"It was the first titty bar in our hood," T3 said. "It was owned by guys we knew in the neighborhood so we could go in there and kick it. We had our own VIP section. We could go in there and listen to songs we just made. We really utilized that place."

Slum Village's T3 Announces Debut Solo Album with New Single "Relax," ft. Frank Nitt and Illa J Source: Artist

Although T3 refers to himself and his peers as outsiders, they were endearingly seen as the "music dudes" by not just Chocolate City's owners and clientele but the neighborhood. Their love of Chocolate City served as a testament to their duality: soulful artists who also acknowledged and embraced Detroit street culture.

"When you think about Dilla, you think about Slum [Village], it's urban dudes that are soulful," T3 said. "So we are still a part of our street culture even though we didn't do a lot of things a lot of cats did. But we still grew up in the same neighborhoods [dealing with] the same conditions."

Slum Village represented that in their lyrics. They wanted what some of those cats had: money, women, cars, clothes, homes and jewelry. This, in tandem with J Dilla's production, made for a fascinating pairing. But the group found itself typecast as an extension of the hip-hop being made by A Tribe Called Quest and the Native Tongues movement upon releasing their debut album, Fantastic, Vol. 1, in 1997. Even Q-Tip hailed the group as successors to Tribe at the time, something that J Dilla was displeased with.

"It was kinda fucked up [getting that stamp] because people automatically put us in that [Tribe] category. That was actually a category that we didn’t actually wanna be in," J Dilla told XXL in a 2004 interview. "I thought the music came off like that, but we didn't realize that shit then. I mean, you gotta listen to the lyrics of the shit. Niggas was talking about getting head from bitches. It was like a nigga from Native Tongues never woulda said that shit."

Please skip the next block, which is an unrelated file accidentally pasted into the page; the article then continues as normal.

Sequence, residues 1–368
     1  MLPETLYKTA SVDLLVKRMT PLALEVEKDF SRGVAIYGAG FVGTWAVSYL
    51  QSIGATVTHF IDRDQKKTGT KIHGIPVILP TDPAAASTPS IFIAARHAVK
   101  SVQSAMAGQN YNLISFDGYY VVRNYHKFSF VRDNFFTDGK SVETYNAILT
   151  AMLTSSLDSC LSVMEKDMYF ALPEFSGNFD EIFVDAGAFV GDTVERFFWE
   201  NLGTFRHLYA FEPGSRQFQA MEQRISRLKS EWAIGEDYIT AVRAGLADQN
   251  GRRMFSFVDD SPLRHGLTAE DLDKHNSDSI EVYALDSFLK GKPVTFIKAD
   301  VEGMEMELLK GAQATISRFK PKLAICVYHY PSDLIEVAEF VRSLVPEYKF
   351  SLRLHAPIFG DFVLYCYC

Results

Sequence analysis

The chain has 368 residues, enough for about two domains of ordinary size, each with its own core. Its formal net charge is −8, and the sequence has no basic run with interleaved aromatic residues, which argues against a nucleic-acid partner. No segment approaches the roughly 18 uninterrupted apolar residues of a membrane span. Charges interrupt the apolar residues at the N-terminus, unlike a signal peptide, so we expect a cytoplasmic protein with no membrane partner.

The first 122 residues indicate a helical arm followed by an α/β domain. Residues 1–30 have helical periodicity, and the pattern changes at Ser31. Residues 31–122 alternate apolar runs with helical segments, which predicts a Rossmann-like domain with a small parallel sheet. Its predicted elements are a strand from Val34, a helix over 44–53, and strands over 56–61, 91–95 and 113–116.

In that same interview, J Dilla speculated that it was his production that led to Slum Village being conflated with their East Coast contemporaries, his smooth and sample-heavy boom-bap beats not out of place alongside the likes of Tribe's "Bonita Applebum" or De La Soul's "Breakadawn."

Still, there's no denying how pivotal a role Q-Tip played in J Dilla's career, the former introducing the likes of Common, D'Angelo, and The Pharcyde to the producer's beats. But the beats didn't fully convey who J Dilla was, and when collaborators traveled to Detroit to work with him, the producer made sure that they got a better understanding of him by immersing them in his world. A part of this experience was Chocolate City.

Common has referenced his strip club experiences with J Dilla in a couple of songs, most recently on "Rewind That" from his 2014 album Nobody's Smiling: "Cook up some hot shit, then go to the strip club / Then we made 'The Light' and times got brighter." "The Light" was the second single from Common's Like Water for Chocolate and was nominated for Best Rap Solo Performance at the 2001 Grammy Awards.

Two years prior to "Rewind That," Common specifically referenced Chocolate City on Big Sean's "Story by Common." The track, which appeared on Sean's Detroit mixtape, is an interlude where the Chicago rapper reminisced on the times he hung out with J Dilla in his hometown. In it, he offered an amusing anecdote about joining Dilla and Frank Nitt at Chocolate City: "I went to the club, and man they had some good chicken wings — man some good, thick girls, and it was right."

"That was a part of our process sometimes," Common said of Dilla's strip club excursions in an interview with 247HH. "You got to let Jay Dee do what he do, and he'll come back and cook up some of the best of the best."

Robert Glasper also spoke on how strip clubs were a part of J Dilla's creative process.

"[Dilla] is the first person that they had Bilal work with when he got signed in '99, and Bilal brought me out to Detroit," Glasper said during an appearance on Hot 97 where he recalled watching Dilla make the beat for Bilal's "Reminisce." "We went to eat, went to a strip club, came back to Dilla's basement around three or four in the morning, and he made this beat right before our eyes."

To most, J Dilla is remembered as a beat-making pioneer. He defined and redefined an era of rap and soul music through his unconventional sample selections and experimentation with the MPC, creating a sound and aesthetic that continues to influence producers. But those that knew him best and were able to work with him before his passing, understood how his love for strip clubs — especially Chocolate City — informed his love for making music.

"Dilla just happened to be a soul dude but he still had his Detroit roots, which was known for pimp shit and being flashy," T3 said before playfully imitating his late friend: "Like, 'this is why I'm so funky. I'm in the titty bar, that's why. I'm not just digging for wax all day.'"



*This article was originally published on February 7, 2020.